‘A Thousand Cuts’ Urgently Highlights the Need for a Free Press
Highlighting the work of one of the last free Filipino news websites, ‘A Thousand Cuts’ is a dire warning against online misinformation.
One stat in A Thousand Cuts really stands out: with just under four hours spent online a day, The Philippines has the highest social media usage in the world. This also means that the southeast nation is particularly susceptible to the amplification of fake news across platforms such as Facebook, Twitter, and Instagram. As a result, the rise of populist President Rodrigo Duterte is one of the most clear-cut examples of how these platforms give rise to misinformation and allow authoritarians to consolidate power.
Back in the day, one could rely on good old-fashioned newspapers and media platforms to hold governments to account. But as seen across the world, whether its Russia, Brazil, Hungary, Poland or even in some parts of the USA, local newspaper reporting from the ground up has been decimated, leaving a huge information gap in the middle of civil society.
Thankfully for the Philippines, they have some old-school resistance in the form of Maria Ressa, co-founder of the independent news site Rappler. She is an irrepressibly cheery woman sporting short hair and sharp suit jackets. In her measured and calm criticism of the government, she represents everything that Duterte is not. In scenes of stunning power, we see her face up directly to the President as he brazenly states his desire to kill all drug dealers and lock up journalists that oppose him.
She remains unfazed. Even with dual USA-Filipino citizenship, she refuses to leave the country for fear of her freedom. Whether it’s in editorial meetings, speaking at international conferences, or directly combating those who want her to go away permanently, A Thousand Cuts is a tireless document of her tireless work. Now with the intrepid journalist now facing up to six years in prison on erroneous cyber-libel charges, the film is an active cry for both international solidarity and significant social media reform.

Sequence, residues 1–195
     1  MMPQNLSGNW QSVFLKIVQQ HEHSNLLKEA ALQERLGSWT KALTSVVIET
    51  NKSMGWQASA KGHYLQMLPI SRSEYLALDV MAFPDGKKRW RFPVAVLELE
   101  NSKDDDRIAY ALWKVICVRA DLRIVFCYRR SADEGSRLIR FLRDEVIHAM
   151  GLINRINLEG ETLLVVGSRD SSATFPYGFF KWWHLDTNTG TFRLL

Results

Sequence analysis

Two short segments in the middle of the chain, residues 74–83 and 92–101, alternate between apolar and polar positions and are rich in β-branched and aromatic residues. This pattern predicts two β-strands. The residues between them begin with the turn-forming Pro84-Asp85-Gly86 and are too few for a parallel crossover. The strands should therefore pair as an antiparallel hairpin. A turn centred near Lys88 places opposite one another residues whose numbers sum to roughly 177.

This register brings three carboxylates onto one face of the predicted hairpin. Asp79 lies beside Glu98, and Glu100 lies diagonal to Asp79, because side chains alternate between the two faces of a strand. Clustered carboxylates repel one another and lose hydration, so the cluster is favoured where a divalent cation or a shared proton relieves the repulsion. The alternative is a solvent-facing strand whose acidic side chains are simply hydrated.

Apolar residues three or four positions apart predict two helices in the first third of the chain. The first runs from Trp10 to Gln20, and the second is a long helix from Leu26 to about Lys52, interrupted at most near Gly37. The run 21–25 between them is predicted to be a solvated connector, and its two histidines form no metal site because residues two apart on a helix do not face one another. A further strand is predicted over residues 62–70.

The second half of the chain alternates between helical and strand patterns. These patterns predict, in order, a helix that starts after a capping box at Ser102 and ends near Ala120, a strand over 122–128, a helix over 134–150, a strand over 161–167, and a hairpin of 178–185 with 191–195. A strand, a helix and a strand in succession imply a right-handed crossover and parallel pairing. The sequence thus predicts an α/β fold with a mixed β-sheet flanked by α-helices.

Director Ramona S. Diaz keeps things relatively simple, allowing her subjects to do most of the talking for her; whether it’s the heavy-set men that surround Duterte and echo his dangerous rhetoric, or the, mostly women, journalists and politicians that battle his damaging policies, we get great access to both sides of this potentially bloody political war. These images are often accompanied by headlines underneath, showing us in real-time how important fact-checking and real journalism is in a world so beset by blatant lies.
Ultimately, A Thousand Cuts serves as a dire warning to any democracy that finds traditional reporting replaced by scaremongering on social media networks. After all, Duterte may be the countries’ biggest villain, but the film suggests, without ever mentioning him by name, that the real head of the global snake is Facebook CEO Mark Zuckerberg himself, who has the power to remove fake news and outright hatred — as Twitter has made small steps to do — but simply chooses not to. With a crucial USA election — and the effects of democracy in the USA has ramifications across the whole world — just around the corner, the message A Thousand Cuts couldn’t ring any clearer.